To be pertinent to the specific question, unless you're doing raw "people food" (where even then you're putting your faith in suppliers) you're beholden to the pet food supply chain, whether it's the ever-consolidating world of well-known pet food brands, or, as jamaro notes, the independent companies who source their own ingredients but have tended to outsource the process to contract manufacturing facilities. That's not something that comes under the umbrella of scientific research, and is more about business research and limiting exposure to the dodgier bits of the supply chain. The rule of thumb there is that at most price points, wet food (with the usual caveats about carb fillers and crappy additions) is better than the comparable dry food. If we had to budget down, then Friskies shredded chicken would probably do, though in truth we'd probably just get used to ramen and keep the cats happy.

(You have a beautiful cat.)
posted by holgate at 11:21 PM on January 13, 2017

When I first met my boyfriend, his cats Alpha and Sugar had a lot of dandruff and were overweight. He was feeding them Iams Hairball Care, I think. When he moved in with me, we free fed them Acana kibble instead (what my cats were on, given the timing I think it was because the company making that feed was one of the few not involved in the melamine scandal). Their dandruff issue improved, but they remained overweight, and in fact Alpha's weight even increased some. We needed to clean Alpha's teeth, but the vet didn't want to put him under while he weighed nearly 20 pounds (anesthesia + overweight = more strain on the heart apparently?) They gave us a diet prescription food to try and put him on, trouble was there were also MY cats to consider. We tried a fancy automated feeder that would let Alpha in and keep my cats out, but instead my cats beat the only way Alpha could have it work and scarfed up all his expensive diet kibble like it was the most exciting delicacy, so that wasn't going to work. Coordinating regular limited feedings of different food or even the same food with our four cats was too tricky.

The thing that DID work was switching Alpha over entirely to canned Wellness wet food. Once this was done, he slowly but surely lost his extra weight until he was able to have his teeth cleaned. It's also been much easier on his old joints to carry around fewer pounds--he's a good three and a half pounds lighter. The best part is Alpha LOVES wet food and gets to eat as much as he wants still; it's just that what he's eating and how he eats it no longer makes him gain excessive weight.

My are very annoying when they don't have access to kibble, though, so I haven't made them solely move over to wet food, though they enjoy eating it as well. We repurposed the automatic feeder to keep Alpha out and let my cats in and supplement my cat's eating with Orijen (same company as Acana, but an even higher percentage protein food). I don't know why my cats can free feed kibble and not have the same problems as Alpha; it might be that they are much much more active, as they're not dealing with arthritis. Or maybe Alpha just...eats by volume or length of time and the wet food doesn't have as many calories by volume.

One thing I've noted is that the feeding recommendations on the can don't match the volume of what my cats eat at ALL. We get flats of 12.5 oz cans of Turkey&Salmon. Their feeding recommendations are "about 1/2 can per 6-8 lbs of body weight per day". For Alpha alone, that would be an entire can every single day. However, most days the FOUR cats only get through one, sometimes two, of wet food. It's not too egregious a difference, because my two cats are also eating kibble, and the third manages to snag some kibble too, but it's something to note.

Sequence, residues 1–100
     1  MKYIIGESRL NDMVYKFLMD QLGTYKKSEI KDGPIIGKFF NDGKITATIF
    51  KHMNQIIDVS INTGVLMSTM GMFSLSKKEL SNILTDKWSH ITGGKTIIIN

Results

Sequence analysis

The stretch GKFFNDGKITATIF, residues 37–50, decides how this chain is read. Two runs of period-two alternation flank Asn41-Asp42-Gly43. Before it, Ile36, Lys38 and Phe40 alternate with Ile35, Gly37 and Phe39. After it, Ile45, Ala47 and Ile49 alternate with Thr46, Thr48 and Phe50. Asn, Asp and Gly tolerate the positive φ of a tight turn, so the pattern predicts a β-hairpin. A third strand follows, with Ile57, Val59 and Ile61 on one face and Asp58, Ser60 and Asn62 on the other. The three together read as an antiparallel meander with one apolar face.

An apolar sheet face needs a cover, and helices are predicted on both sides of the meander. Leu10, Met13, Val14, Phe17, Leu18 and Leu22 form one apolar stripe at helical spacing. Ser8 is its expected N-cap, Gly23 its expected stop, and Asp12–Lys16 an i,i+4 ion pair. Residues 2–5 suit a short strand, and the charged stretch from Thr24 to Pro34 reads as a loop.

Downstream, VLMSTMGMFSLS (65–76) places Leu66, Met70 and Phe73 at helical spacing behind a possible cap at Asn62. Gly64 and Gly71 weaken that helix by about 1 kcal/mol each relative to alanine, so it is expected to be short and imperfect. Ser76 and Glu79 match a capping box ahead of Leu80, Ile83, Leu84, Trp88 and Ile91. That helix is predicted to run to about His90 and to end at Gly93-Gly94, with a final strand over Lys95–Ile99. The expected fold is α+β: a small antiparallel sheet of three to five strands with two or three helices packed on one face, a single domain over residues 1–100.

Treat wise, we order human food grade bonito fish flakes from Amazon in bulk (far far cheaper than buying the cat treat kind at the pet store: $26/lb instead of $10/oz.) and every night is fish flake o'clock where they get a couple fist fulls; a pound lasts about a month.

The other diet thing I can think of that ended up useful to us is I had one cat with an easily upset stomach who would have frequent diarrhea. My friend recommended that I put him on a pre/probiotic powder, and I was skeptical about it because ~*~*~*~PROBIOTIIIICS~*~*~*~*~, but dang if it didn't make it so I only have to deal with a huge splattery blowout on occasion instead of multiple times a week. I have another cat who has herpes so we also add lysine powder. Both powders get dumped into the wet food.

If one needs to auto feed wet food somehow, this ice pack compatible feeder works pretty well for that.
posted by foxfirefey at 12:02 AM on January 14, 2017 [5 favorites]

If you're interested in raw, these may be of interest:


Some cats do well on whole prey
Free feeding of whole prey works best at cool temperatures.
It's also an excellent filter early in the human mating process.

Your cat is lovely!
posted by captivepredator at 12:04 AM on January 14, 2017 [1 favorite]

My cat gets canned wet food (Natural Balance) and occasionally dry kibble (Whole Earth Farms Grain-free chicken) when I'm going to be away or when I am out of canned food and can't quickly get to the store. I tried a 50/50 split of dry/wet for awhile (maybe a month?) but I found he began to shed a lot more, and his coat wasn't as soft. He's still a growing kitten so I free-feed as much as possible, and my vet is happy with his current state of health.
I checked with the cat in question, as he is snuggling into my arm as I type this. He approves this message.
posted by janepanic at 2:27 AM on January 14, 2017